I was admitted to/sentenced to Holliswood Hospital in July 2010. I was in the ER because I told my psychiatrist that I was planning to commit suicide and, when asked if I had any preference as to what psych hospital I wanted to be sent to, I immediately requested Holliswood because they had/have (I'm not sure if it's still considered a program because I don't see it on their site, but I know that it used to be) what seemed like a pretty comprehensive treatment program for post-traumatic stress, that I had actually looked into prior to this forced hospitalization. Here is my plethora of complaints:
- When I got there, I was told that the entire trauma treatment program which they so proudly spoke of included a session with a psychologist trained in treating post-traumatic stress once a week. To make that even better, it was never actually arranged for me to meet with this psychologist, despite the fact that the hospital was not only aware of my diagnosis of Post-Traumatic Stress Disorder because it was on my intake form, despite the fact that I specifically requested to meet with him, and despite the fact that I was promised that that would happen.
- The incompetence of the staff was beyond unbelievable. Luckily, this didn't happen to me, but many of my friends on the unit complained about being given the wrong medications, and then having to fight with staff to convince them that they weren't the proper medications. My social worker, who, according to the information I was given prior to admission, I was supposed to meet with every day, saw me once, for around ten minutes. She asked me why I was feeling suicidal, and I gave a very vague and incomplete answer, because it wouldn't have been so easy to just blurt out, "Because I was raped yesterday, after dealing with several previous rapes and years of sexual abuse." When I didn't answer quickly, she just said that we'd talk about it another time. That was the extent of my relationship with the social worker who was supposed to be working with me every day. Throughout the entire time I was there, only one staff member figured out what was actually going on with me- a wonderful art therapist, who is the only person in the entire hospital who I cannot complain about. Nearly every patient on the unit knew what was going on with me, some who I told, and some who just figured it out, but the overwhelming majority of the staff didn't even bother to ask what was wrong.
- There was absolutely no individual attention or treatment. Patients who wanted to see their doctors or social workers literally had to pester the staff, sometimes for days, just to spend a few minutes with them. I was apparently one of the luckier ones on the unit, as it only took me six or seven hours to get around fifteen minutes with a staff member.
- Some staff practices were just plain inhumane. All bathrooms were locked and needed to be opened by a staff member which I don't agree with, but I understand. My problem is with the fact that the staff complained every time they had to open up someone's bathroom or, sometimes, made them wait a pretty significant period of time to have the door opened. It got to the point that I stopped drinking water for certain portions of the day, just because trying to get in the bathroom was so miserable and it felt so degrading for someone to give you an attitude about the fact that you need to perform a basic bodily function.
- There was absolutely no opportunity to get fresh air of any kind. I heard that that was a privilege you could "earn," but I feel that it's unbelievably inhumane to keep people locked in a hallway for days or weeks at a time. There are ways to safely take unstable people outside. That's one of my lesser complaints because I don't think it's done with ill intent, just that it's inhumane and stupid that they can't figure out a way to get everyone some fresh air, as they did at a previous hospital I was at.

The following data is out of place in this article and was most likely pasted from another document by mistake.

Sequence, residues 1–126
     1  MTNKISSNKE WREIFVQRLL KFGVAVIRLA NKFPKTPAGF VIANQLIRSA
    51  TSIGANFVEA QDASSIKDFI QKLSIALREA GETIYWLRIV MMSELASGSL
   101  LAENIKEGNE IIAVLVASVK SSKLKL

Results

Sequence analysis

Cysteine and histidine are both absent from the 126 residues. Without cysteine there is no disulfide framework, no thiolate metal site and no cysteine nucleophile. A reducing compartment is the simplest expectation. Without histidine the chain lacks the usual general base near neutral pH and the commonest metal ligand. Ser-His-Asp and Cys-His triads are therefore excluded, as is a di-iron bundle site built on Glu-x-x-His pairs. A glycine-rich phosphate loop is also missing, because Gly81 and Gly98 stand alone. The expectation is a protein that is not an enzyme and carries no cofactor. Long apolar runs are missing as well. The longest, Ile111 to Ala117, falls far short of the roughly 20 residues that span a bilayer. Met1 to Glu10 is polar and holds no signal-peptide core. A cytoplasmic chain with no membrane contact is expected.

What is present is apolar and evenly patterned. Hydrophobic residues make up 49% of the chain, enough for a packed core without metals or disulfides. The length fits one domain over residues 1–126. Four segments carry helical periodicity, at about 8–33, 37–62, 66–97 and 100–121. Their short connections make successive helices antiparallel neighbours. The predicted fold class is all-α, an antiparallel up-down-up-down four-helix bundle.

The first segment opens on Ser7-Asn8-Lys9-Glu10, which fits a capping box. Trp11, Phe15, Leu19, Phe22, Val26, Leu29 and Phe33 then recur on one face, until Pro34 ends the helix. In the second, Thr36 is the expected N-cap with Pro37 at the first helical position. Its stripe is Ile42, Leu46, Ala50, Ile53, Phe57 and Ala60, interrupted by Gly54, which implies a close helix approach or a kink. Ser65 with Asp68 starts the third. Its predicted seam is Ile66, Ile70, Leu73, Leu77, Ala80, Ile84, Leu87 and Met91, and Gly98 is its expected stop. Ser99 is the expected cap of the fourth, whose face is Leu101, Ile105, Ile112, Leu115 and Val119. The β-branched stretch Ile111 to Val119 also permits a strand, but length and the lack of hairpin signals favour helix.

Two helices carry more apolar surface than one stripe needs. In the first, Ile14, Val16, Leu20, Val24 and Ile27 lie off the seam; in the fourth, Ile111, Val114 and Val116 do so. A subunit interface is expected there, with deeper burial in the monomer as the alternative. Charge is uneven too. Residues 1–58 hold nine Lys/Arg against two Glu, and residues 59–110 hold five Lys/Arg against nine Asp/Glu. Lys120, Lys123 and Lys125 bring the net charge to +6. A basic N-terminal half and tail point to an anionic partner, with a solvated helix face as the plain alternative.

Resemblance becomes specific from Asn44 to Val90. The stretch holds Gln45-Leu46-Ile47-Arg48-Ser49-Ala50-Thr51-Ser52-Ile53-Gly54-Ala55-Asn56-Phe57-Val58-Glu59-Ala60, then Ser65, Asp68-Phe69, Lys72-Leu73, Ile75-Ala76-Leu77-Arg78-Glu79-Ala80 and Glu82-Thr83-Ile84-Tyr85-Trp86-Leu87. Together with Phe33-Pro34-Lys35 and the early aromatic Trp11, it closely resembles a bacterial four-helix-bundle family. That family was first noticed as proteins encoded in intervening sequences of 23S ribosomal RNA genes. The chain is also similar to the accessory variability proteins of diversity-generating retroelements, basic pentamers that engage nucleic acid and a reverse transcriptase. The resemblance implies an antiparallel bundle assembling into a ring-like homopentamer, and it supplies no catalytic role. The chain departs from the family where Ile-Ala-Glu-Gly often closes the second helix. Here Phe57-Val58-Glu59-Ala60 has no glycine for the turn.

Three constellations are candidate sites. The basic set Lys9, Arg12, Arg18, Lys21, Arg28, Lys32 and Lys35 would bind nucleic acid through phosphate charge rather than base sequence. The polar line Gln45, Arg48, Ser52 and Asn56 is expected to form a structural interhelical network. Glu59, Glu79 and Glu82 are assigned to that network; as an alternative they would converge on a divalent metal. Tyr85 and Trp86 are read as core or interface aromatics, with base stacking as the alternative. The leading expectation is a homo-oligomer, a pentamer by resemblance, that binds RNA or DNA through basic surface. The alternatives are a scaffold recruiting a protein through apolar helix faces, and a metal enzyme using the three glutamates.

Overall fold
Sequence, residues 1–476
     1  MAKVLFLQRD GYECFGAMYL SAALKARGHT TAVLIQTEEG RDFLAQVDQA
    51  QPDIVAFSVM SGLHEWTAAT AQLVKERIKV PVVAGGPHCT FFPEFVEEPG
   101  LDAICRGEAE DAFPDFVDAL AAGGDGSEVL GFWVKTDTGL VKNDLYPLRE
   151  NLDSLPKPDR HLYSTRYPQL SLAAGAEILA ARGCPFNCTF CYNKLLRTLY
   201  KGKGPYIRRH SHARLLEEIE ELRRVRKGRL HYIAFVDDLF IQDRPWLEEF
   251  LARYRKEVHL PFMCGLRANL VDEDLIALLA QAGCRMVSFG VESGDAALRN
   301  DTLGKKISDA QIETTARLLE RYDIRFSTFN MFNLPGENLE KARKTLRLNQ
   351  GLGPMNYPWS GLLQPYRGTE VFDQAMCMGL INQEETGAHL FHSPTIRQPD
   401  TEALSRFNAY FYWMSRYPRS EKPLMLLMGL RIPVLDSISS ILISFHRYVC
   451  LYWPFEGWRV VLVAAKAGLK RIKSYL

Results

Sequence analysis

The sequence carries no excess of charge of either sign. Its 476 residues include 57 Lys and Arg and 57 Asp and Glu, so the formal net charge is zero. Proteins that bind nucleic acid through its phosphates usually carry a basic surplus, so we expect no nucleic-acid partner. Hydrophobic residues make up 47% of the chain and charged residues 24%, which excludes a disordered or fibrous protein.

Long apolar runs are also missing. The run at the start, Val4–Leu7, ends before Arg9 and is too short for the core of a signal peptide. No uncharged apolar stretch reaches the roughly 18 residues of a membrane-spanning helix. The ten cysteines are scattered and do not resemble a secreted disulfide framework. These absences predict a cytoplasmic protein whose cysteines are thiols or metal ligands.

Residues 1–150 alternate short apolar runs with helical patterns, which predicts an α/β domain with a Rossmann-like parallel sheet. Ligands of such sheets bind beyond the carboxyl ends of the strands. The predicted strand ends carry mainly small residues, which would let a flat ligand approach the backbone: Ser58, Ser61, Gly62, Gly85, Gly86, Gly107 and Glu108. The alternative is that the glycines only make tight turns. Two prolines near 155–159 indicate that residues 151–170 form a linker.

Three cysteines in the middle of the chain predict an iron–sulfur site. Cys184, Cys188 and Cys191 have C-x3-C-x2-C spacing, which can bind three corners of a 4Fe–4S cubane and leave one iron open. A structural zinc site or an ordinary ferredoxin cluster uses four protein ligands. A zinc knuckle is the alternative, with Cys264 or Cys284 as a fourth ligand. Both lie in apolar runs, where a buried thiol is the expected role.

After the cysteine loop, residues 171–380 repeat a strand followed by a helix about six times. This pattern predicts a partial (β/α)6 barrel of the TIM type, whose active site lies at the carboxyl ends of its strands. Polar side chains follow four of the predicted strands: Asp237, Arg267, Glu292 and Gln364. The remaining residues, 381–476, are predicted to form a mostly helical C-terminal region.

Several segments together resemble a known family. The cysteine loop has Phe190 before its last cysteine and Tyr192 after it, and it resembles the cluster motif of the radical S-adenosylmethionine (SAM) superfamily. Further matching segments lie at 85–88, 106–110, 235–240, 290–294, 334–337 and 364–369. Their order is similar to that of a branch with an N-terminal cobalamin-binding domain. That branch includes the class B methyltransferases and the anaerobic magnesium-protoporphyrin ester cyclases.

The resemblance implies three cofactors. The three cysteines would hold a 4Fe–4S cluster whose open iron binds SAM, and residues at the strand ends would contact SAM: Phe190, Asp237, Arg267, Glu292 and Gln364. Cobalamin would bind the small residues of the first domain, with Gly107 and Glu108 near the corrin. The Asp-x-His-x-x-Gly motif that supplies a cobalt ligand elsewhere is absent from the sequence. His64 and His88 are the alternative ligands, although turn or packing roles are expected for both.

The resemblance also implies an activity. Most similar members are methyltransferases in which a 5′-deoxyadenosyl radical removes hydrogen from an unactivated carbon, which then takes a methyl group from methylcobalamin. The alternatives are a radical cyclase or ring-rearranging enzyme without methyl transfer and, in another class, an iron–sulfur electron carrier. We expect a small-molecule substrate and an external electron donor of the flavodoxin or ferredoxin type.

- The rules were completely inconsistent and changed on a whim, often with little consideration for patients' rights and well-being. Weekends being boring is pretty much a given in a psych unit, but generally, hospitals will at least make different forms of entertainment available to you and have a group or two every so often to make sure that everyone's alright. There were no groups, and the many games and other forms of entertainment that were available were only available for an hour or so per day, max, when it was the specific "right time" to use them. Anyway, on the Saturday that I was there, in an attempt to not sit around all day and think about terrible things in my life, I tried very hard to keep my friends and myself entertained. We created unique games, using assorted objects as balls and different other random objects as goals, created playing cards through the annoyingly slow process of drawing each one out and ripping it out of a piece of paper, and we taught each other songs we liked and sang them together. The next day, we went out into the hallway, expecting to, once again, try to amuse ourselves in any possible way, when the obviously well-qualified staff supervising the unit told us that we all had to stay in our rooms for the rest of the day, straight-out telling us that they didn't feel like supervising the hallway. Stuck in a tiny room with next to no entertainment except for during the immense adventure of leaving the hallway to get our little trays of food- sound like jail, anyone?
I'm not a fan of psych hospitals, to say the least, but if you have to be in one, I think you have an absolute right to be treated humanely, not have the hospital lie to you or misrepresent their services, and get treatment from qualified people who can help you actually get through the problems that caused the hospitalization in the first place. If you're thinking of hurting yourself and need this kind of supervision, trying committing a crime and going to jail- you'll get better treatment.